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Saturday, June 19, 2010

Our Future? Wind Farms Forced To Shut When Wind Blows

Barack Obama has staked the energy future of this country on wind energy:

"Some say" Obama is obsessed with wind energy:
Obama's speech: There's a pipe spewing a gazillion gobs of oil into the gulf, so let's build more windmills
As with Obama's dream for socialized health care, Britain has been there, done that, and the results are not good.

As reported by The Telegraph, Firms paid to shut down wind farms when the wind is blowing:

Energy firms will receive thousands of pounds a day per wind farm to turn off their turbines because the National Grid cannot use the power they are producing.

Critics of wind farms have seized on the revelation as evidence of the unsuitability of turbines to meet the UK's energy needs in the future. They claim that the 'intermittent' nature of wind makes such farms unreliable providers of electricity.

The National Grid fears that on breezy summer nights, wind farms could actually cause a surge in the electricity supply which is not met by demand from businesses and households.

The electricity cannot be stored, so one solution – known as the 'balancing mechanism' – is to switch off or reduce the power supplied.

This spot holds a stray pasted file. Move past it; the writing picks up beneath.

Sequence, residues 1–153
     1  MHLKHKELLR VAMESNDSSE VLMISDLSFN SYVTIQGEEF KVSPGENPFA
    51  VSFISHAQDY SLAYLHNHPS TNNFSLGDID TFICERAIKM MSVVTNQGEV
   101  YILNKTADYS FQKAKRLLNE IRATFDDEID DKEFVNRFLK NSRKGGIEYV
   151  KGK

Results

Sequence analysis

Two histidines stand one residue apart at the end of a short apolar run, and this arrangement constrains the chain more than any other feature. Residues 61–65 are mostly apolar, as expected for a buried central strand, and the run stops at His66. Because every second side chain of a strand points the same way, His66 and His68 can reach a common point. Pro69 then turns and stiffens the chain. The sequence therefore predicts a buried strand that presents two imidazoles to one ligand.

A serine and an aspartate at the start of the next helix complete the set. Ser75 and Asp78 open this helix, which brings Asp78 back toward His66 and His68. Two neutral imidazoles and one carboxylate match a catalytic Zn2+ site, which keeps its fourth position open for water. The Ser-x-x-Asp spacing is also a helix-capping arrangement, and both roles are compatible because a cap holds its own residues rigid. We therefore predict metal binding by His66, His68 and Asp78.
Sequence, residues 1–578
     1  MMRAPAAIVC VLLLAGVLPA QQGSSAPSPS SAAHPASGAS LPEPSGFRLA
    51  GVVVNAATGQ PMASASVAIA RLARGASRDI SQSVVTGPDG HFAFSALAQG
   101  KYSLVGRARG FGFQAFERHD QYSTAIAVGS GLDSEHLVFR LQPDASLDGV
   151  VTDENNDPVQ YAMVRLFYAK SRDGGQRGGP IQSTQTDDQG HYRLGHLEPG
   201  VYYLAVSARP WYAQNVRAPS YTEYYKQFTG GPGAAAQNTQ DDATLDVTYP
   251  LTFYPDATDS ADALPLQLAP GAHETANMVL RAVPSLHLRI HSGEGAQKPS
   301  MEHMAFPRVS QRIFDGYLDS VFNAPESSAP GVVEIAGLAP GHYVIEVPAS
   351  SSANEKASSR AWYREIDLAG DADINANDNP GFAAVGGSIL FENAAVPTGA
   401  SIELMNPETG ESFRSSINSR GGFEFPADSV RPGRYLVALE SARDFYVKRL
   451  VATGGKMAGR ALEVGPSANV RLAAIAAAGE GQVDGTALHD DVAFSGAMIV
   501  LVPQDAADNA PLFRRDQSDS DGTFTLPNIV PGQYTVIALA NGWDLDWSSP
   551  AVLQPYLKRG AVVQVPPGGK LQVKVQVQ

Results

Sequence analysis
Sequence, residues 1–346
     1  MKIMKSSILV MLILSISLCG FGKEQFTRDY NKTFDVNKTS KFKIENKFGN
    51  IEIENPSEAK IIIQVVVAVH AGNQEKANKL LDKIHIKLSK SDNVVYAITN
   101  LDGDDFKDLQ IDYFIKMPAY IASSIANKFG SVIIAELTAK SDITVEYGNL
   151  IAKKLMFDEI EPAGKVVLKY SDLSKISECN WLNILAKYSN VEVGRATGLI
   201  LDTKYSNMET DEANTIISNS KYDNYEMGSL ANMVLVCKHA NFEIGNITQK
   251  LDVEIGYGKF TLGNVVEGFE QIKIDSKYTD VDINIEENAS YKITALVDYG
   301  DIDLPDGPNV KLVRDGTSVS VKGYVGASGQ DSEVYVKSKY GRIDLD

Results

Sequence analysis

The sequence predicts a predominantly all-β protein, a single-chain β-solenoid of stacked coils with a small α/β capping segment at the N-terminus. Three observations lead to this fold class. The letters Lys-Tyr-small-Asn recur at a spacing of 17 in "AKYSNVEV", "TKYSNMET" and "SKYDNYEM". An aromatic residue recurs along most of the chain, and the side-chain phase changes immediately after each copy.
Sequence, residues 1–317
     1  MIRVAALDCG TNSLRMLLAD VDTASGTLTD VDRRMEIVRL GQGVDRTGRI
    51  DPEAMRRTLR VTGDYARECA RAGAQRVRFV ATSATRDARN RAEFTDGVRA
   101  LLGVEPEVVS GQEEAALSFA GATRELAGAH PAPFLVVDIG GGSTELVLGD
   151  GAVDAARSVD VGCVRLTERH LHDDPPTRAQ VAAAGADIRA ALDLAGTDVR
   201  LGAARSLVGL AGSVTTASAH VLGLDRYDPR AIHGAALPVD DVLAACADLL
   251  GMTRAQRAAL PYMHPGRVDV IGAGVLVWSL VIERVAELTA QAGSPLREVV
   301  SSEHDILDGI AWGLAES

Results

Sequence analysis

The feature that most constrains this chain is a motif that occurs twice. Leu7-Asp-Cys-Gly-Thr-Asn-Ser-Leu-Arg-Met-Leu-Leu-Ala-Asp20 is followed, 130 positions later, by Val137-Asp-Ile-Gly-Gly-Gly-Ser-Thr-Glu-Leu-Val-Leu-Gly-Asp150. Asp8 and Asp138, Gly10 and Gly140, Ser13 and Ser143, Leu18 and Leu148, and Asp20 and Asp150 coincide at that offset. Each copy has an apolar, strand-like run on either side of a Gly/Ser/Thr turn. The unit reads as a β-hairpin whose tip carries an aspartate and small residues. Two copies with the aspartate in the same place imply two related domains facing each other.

Sure, pursue everything, including wind energy.

But to think that wind will replace carbon-based fuels as a primary energy source is, well, words, just words.

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  1. I don't think the UK grid situation is the same as the US grid as far as wind energy goes. But it does show the fact that wind power is highly seasonal tending to be most productive in the spring and fall. When Energy usage is at its lowest.

    It also high lights the fact that we currently have no way store the gigwalts of energy needed to run our homes other than to make it at we need it. Wind is useful for pugging holes but it will never be able to replace coal, nuclear, hydroelectric power.

  2. Wind power merely shifts the vulnerabilities of the US Energy situation. Depending on whose approach you use, wind power requires large "batteries" (and I put "" to indicate that they are not batteries in the convention sense) and most importantly, with minerals that are located in such regional islands of tranquility like Democratic People's Republic of the Congo and The Congo.

    I think, like many energy items, it has potential to help create a framework for US energy independence. However, in of itself, it is fairly useless. Without batteries, it is incredibly inclement. With batteries, it seems to merely shift the focus of our weakness. In any event, I don't see it producing more than 5% of our power in the best scenario.

  3. Kind of reminds me of the efficiency of the wind turbines in Minnesota that froze solid last winter and thus produced zero energy, at considerable expense, of course.